Computing Veracity – the Fourth Challenge of Big Data

RumourEval: bringing veracity checking to the community

While Pheme has been about advancing our own technology and understanding around veracity and fake news, there’s a much broader opportunity to make progress if these advances are shared. One way we can do this is by presenting problems from Pheme to the research community, using our data and the ways we found of framing the rumour detection problem.

SemEval is an event that runs roughly every year. In it, there are many tasks, and teams compete on each task to try and get the best performance. In 2017, we ran a task on Pheme problems, namely stance detection and veracity assessment. We called it RumourEval. Teams had about four months to develop their systems ahead of a final evaluation, where some new, previously-unseen data was given out for processing.

We could base the demo data on Pheme’s earlier work: the stance dataset from WP3. To make this a challenge, the data used had to be something new and hidden. At our Athens meeting, we chose two rumours that developed during 2016: the kidnapping of a London YouTuber, and the poor health of Hillary Clinton. Both were falsifiable, which was important – we needed to know the real truth of these in order to know how to assess systems.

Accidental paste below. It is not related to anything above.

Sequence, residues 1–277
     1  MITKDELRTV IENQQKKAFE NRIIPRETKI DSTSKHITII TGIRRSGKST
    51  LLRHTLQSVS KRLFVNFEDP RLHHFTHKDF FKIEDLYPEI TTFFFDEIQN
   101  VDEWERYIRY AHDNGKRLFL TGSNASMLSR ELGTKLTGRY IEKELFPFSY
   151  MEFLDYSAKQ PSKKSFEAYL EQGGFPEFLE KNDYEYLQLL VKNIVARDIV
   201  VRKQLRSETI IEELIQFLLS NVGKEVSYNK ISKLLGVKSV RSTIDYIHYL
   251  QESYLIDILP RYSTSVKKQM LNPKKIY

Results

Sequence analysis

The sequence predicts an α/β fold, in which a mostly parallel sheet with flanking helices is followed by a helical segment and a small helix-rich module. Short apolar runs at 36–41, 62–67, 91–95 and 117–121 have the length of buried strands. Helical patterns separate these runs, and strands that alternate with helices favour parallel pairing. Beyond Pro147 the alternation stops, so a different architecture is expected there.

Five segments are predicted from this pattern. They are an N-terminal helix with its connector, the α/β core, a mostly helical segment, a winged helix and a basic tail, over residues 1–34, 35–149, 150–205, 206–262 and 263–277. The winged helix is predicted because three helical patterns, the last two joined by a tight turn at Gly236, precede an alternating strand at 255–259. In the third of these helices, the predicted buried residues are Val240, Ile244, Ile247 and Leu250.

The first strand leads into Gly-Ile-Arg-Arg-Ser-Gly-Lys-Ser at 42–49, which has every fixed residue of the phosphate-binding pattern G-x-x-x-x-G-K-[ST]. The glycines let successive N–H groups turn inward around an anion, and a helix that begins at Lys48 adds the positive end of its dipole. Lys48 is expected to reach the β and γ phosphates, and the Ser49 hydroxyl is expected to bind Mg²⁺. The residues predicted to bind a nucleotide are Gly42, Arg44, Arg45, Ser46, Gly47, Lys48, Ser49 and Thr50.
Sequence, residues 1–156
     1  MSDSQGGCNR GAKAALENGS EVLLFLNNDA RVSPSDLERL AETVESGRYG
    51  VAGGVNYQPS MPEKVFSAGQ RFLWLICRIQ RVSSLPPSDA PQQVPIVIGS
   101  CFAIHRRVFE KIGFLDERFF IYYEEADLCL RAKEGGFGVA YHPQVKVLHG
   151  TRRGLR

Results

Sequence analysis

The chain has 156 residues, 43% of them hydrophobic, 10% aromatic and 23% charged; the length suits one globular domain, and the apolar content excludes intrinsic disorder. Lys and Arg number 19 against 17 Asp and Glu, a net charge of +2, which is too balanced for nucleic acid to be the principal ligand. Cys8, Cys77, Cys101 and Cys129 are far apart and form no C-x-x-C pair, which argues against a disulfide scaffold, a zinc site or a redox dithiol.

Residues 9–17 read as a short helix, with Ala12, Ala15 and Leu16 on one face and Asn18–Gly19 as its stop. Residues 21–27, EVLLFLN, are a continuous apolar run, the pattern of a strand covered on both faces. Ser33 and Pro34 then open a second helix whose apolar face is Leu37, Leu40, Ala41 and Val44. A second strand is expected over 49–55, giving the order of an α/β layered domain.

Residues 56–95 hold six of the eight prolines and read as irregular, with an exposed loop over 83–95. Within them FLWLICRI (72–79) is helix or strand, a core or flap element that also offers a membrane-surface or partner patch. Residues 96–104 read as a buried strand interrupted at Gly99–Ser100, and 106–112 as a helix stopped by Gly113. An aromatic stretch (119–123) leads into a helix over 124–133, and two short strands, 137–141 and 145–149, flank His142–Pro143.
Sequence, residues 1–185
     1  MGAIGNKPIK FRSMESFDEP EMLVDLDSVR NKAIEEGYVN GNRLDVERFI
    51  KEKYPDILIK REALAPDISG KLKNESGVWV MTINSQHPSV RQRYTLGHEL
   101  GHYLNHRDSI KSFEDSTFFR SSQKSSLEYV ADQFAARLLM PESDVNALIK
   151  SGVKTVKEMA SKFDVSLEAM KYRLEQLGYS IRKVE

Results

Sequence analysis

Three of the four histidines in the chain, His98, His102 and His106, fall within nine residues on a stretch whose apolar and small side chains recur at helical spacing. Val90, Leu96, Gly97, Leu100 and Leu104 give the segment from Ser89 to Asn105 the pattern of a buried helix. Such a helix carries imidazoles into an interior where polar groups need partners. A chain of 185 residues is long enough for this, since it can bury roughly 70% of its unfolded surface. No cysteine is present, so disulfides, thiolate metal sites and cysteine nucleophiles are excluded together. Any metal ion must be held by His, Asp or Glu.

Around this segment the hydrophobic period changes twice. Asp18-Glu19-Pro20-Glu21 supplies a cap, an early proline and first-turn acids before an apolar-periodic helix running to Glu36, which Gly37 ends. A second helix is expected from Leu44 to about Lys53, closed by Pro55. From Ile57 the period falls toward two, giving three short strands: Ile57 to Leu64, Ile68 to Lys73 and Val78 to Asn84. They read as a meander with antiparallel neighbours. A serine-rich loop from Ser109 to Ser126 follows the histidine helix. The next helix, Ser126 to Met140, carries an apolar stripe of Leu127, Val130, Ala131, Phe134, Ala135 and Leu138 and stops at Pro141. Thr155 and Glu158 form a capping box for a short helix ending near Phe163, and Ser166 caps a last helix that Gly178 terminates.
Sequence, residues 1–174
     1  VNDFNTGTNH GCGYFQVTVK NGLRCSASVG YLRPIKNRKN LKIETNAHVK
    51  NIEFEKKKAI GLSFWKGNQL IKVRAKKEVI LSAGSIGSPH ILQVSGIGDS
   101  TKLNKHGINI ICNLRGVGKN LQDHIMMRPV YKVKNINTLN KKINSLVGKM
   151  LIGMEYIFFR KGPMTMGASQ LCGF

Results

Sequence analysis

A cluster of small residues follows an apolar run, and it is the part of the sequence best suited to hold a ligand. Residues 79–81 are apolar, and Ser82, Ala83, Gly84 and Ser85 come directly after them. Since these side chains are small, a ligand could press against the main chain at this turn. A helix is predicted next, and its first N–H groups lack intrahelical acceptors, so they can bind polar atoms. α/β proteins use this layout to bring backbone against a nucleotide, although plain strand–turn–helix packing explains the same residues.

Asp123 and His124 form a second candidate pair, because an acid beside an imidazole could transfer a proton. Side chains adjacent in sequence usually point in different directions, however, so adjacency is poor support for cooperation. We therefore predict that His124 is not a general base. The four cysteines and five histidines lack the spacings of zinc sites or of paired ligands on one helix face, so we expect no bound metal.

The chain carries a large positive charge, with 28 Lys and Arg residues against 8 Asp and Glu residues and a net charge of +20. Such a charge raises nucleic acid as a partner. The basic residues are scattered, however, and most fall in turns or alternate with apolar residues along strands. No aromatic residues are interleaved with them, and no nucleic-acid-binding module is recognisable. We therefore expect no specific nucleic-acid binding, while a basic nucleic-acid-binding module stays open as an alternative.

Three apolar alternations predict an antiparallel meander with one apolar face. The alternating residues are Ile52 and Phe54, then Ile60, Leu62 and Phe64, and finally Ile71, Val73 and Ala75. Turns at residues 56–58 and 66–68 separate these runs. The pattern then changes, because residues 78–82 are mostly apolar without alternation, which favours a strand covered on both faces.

In the end, we had over a dozen submissions, with teams from Asia, Europe and America entering. Some got great results, and we ended up with a new dataset and many new papers from a wide range of institutions addressing Pheme’s problems – some of which had interesting insights. The data is now openly available, and, as is typical for SemEval tasks, is a benchmark for future work in the area.

The findings will be reported at the ACL conference in Vancouver, this August. For further details, you can read the full RumourEval task report paper.

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